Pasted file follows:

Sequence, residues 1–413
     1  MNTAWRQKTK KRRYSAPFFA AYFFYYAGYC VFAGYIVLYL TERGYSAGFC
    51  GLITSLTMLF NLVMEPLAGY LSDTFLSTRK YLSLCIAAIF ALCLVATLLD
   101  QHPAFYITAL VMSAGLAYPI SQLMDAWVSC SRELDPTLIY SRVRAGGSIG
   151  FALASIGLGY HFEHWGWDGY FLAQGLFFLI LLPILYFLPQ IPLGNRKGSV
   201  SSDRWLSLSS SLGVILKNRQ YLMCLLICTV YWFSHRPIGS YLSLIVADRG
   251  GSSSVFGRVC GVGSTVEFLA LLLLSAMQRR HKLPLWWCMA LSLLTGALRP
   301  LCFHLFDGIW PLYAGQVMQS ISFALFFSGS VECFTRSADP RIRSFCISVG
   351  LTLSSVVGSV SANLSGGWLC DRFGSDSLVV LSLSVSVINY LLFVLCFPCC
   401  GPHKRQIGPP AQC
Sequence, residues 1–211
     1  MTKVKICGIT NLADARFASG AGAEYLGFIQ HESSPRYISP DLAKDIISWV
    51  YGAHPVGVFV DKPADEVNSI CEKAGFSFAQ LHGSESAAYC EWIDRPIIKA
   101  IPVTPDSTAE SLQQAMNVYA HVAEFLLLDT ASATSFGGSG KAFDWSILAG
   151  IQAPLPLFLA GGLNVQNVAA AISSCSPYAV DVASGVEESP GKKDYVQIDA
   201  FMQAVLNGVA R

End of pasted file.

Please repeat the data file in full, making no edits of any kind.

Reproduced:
Sequence, residues 1–413
     1  MNTAWRQKTK KRRYSAPFFA AYFFYYAGYC VFAGYIVLYL TERGYSAGFC
    51  GLITSLTMLF NLVMEPLAGY LSDTFLSTRK YLSLCIAAIF ALCLVATLLD
   101  QHPAFYITAL VMSAGLAYPI SQLMDAWVSC SRELDPTLIY SRVRAGGSIG
   151  FALASIGLGY HFEHWGWDGY FLAQGLFFLI LLPILYFLPQ IPLGNRKGSV
   201  SSDRWLSLSS SLGVILKNRQ YLMCLLICTV YWFSHRPIGS YLSLIVADRG
   251  GSSSVFGRVC GVGSTVEFLA LLLLSAMQRR HKLPLWWCMA LSLLTGALRP
   301  LCFHLFDGIW PLYAGQVMQS ISFALFFSGS VECFTRSADP RIRSFCISVG
   351  LTLSSVVGSV SANLSGGWLC DRFGSDSLVV LSLSVSVINY LLFVLCFPCC
   401  GPHKRQIGPP AQC
Sequence, residues 1–211
     1  MTKVKICGIT NLADARFASG AGAEYLGFIQ HESSPRYISP DLAKDIISWV
    51  YGAHPVGVFV DKPADEVNSI CEKAGFSFAQ LHGSESAAYC EWIDRPIIKA
   101  IPVTPDSTAE SLQQAMNVYA HVAEFLLLDT ASATSFGGSG KAFDWSILAG
   151  IQAPLPLFLA GGLNVQNVAA AISSCSPYAV DVASGVEESP GKKDYVQIDA
   201  FMQAVLNGVA R